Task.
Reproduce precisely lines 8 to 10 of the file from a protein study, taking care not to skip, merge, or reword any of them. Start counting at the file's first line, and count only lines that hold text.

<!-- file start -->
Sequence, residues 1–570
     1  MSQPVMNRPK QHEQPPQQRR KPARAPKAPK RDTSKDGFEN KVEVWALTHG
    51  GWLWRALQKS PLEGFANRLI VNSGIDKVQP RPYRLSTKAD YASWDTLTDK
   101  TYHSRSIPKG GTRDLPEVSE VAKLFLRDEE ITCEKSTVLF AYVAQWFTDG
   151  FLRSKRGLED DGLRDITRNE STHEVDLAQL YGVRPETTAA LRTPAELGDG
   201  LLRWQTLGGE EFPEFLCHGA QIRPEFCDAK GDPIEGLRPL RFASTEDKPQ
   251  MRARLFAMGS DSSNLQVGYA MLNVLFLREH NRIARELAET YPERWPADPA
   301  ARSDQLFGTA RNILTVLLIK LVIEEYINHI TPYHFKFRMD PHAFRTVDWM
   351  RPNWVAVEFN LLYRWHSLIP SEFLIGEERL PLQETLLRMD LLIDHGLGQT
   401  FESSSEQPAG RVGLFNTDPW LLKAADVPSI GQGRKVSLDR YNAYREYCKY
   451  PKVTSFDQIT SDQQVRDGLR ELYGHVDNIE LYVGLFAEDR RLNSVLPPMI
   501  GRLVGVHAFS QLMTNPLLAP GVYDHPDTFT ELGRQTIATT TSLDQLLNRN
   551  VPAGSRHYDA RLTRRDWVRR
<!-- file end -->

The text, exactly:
   301  ARSDQLFGTA RNILTVLLIK LVIEEYINHI TPYHFKFRMD PHAFRTVDWM
   351  RPNWVAVEFN LLYRWHSLIP SEFLIGEERL PLQETLLRMD LLIDHGLGQT
   401  FESSSEQPAG RVGLFNTDPW LLKAADVPSI GQGRKVSLDR YNAYREYCKY